MS sometimes feels like a ladder.
Six years ago, it felt like I was somewhere around the bottom, in the murky depths, desperate to get a handle on the slippery first rung towards diagnosis, treatment and, well, ‘thank goodness I now have an explanation for what the hell’s been going on for the last year‘.
I spent hours and hours on the MS Society forums, asking question after question. Patient people who had been there before answered every niggle, every question, no matter how weird it sounded.
They reached down and pulled me up and I will forever be grateful to them for their guidance and support.
Limboland is a cruel place to be; essentially, you wait there in the ‘hope’ you have another relapse and are then moved from a single episode to ‘multiple’. So, you pray to get worse, to get better, because it’s only then that you can access the treatment that will potentially stop the next relapse.
I vividly remember the elated posts from fellow ‘Limbolanders’, ‘Finally!! I’m diagnosed!’ I was envious beyond belief and confused in equal measure. How can you be so happy to have MS?
I soon found out.
Like a magic door opening with a secret code, my eventual diagnosis offered up a myriad of treatment options.
Next week I’m taking a day off work to train with the MS Society as a Support Volunteer. The focus is firmly on the social model of disability, which centres upon choice and control.
I hope to learn skills which will allow me to reach out to pre-diagnosed people and those who are newly-diagnosed; I want to learn how to offer non-directive support and take on board an individual’s unique circumstances without judgement.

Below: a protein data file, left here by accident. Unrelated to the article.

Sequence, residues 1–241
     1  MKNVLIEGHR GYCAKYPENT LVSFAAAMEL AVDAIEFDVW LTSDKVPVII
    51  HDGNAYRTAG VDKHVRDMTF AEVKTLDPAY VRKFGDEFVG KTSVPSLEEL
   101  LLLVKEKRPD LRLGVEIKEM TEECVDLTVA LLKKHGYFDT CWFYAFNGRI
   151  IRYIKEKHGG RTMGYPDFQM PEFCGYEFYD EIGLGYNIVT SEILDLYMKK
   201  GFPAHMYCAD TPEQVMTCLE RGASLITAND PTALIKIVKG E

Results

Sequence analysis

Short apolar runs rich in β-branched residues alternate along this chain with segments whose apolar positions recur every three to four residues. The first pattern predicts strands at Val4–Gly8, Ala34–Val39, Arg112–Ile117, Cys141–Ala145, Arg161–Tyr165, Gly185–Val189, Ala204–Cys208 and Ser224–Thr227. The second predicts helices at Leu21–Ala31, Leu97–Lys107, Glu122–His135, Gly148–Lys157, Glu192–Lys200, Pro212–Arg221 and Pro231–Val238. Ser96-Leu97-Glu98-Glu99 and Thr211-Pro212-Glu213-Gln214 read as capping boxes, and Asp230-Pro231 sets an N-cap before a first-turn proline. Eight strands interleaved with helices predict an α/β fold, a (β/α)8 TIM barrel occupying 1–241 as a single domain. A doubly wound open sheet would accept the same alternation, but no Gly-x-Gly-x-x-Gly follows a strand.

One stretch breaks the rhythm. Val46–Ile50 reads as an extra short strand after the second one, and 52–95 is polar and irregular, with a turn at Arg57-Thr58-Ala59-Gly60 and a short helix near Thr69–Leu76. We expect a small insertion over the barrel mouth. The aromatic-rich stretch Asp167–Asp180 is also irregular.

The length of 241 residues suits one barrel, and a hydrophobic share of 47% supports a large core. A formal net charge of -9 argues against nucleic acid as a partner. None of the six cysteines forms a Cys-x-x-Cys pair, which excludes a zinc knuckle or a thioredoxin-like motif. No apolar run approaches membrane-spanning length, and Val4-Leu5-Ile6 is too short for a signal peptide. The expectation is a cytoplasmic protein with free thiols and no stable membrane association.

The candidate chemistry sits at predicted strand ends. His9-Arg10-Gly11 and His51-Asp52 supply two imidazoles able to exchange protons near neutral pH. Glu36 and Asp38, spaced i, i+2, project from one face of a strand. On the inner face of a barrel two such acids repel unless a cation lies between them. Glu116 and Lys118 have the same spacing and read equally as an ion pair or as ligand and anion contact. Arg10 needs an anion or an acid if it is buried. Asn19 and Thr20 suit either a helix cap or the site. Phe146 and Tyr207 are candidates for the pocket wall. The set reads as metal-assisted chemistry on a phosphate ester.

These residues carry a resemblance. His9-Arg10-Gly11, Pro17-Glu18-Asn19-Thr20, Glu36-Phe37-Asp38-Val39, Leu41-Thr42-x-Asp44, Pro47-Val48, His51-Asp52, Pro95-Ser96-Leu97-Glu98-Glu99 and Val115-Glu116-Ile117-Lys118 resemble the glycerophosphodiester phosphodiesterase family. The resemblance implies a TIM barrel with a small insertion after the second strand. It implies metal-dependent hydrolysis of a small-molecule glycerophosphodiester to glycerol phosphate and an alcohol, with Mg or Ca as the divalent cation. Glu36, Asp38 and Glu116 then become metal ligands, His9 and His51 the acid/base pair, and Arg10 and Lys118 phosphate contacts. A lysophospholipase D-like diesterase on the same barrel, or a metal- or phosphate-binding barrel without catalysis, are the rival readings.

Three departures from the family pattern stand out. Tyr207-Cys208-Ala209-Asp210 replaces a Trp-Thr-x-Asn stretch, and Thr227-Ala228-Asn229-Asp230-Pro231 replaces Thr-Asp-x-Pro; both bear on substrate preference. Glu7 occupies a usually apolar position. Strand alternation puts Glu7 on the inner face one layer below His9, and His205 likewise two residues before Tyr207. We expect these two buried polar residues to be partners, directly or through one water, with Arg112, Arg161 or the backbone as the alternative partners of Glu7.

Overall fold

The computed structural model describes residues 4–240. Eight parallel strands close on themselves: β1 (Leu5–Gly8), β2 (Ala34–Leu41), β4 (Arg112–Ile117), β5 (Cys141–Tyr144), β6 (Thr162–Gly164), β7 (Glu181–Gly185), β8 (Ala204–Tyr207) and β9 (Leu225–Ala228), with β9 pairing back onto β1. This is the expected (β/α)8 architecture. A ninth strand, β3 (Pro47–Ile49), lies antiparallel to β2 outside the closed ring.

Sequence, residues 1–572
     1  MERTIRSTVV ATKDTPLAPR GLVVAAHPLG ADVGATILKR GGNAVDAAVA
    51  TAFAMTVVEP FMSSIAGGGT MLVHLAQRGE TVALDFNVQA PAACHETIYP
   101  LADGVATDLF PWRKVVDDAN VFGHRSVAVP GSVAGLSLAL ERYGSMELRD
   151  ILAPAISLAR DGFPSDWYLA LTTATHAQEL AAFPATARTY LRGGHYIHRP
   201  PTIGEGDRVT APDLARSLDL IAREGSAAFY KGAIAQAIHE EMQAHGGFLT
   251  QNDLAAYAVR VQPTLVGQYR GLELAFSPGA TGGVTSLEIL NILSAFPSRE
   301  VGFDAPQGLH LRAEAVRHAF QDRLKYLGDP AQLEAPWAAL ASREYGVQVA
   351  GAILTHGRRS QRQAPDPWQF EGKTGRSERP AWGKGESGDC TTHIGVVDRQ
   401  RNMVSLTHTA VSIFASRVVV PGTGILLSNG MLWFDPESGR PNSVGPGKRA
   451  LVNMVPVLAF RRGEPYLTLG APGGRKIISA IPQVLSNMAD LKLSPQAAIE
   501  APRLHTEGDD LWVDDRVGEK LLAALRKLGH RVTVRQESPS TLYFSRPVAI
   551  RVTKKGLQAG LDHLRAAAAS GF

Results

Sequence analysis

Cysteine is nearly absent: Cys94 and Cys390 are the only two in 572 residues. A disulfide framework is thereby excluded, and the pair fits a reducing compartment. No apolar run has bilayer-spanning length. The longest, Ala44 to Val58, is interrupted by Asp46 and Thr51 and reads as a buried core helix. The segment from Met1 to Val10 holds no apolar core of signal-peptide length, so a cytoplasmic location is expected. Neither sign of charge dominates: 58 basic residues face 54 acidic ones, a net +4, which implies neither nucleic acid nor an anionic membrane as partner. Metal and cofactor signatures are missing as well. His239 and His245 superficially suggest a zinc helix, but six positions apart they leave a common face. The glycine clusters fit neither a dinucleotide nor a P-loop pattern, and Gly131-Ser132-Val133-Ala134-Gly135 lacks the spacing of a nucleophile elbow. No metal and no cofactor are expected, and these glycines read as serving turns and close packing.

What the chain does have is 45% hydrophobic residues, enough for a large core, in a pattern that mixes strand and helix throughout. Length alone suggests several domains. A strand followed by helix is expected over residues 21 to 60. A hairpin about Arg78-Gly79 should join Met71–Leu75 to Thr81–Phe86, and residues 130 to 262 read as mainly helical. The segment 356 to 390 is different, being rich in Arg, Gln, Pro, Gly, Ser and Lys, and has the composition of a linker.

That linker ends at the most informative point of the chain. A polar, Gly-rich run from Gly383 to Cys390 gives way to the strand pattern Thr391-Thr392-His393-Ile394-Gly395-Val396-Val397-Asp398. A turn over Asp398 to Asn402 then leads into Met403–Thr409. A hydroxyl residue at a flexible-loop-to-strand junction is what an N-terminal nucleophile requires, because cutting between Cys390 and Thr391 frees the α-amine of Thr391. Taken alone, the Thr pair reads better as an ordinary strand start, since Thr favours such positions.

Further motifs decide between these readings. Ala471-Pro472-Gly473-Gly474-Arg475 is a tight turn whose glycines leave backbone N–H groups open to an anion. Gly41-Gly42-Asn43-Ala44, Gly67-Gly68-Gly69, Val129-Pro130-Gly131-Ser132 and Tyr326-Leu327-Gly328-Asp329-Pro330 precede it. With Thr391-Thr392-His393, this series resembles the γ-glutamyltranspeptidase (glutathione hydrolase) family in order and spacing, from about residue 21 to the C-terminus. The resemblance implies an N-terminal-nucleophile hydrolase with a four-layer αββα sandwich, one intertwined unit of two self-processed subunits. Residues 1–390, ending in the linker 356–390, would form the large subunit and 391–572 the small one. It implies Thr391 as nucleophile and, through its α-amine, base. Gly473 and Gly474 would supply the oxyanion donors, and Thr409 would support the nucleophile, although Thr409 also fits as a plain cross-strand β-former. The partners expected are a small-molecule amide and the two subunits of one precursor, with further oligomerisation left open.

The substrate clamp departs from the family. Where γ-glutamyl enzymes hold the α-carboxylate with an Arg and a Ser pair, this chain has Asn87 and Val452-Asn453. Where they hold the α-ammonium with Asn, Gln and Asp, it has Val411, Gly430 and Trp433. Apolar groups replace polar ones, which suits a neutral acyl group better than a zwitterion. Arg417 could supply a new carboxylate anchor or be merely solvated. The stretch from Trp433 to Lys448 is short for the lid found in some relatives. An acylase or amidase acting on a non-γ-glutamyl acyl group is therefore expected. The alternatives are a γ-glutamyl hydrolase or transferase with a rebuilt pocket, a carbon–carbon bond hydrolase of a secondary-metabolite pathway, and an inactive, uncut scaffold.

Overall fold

I’m looking forward to the course and giving back at least a tiny bit of the support I received all those years ago. If I can ease someone’s journey into life with MS, I’ll be over the moon.
Volunteering often sounds like a massive commitment, and I will be honest as to how much time I can offer, but it could be as little as one phone-call a week, or one quick coffee. Hopefully I will be able to offer more, but if anyone is thinking about volunteering, go for it.
I’d love to meet that one particular person on the MS forums (amongst many others) who took me through, step-by-step everything I asked, with her incredible medical knowledge.
I probably never will, but the one thing she said to me is, ‘if you found help in what I have offered, do the same, when you are ready.’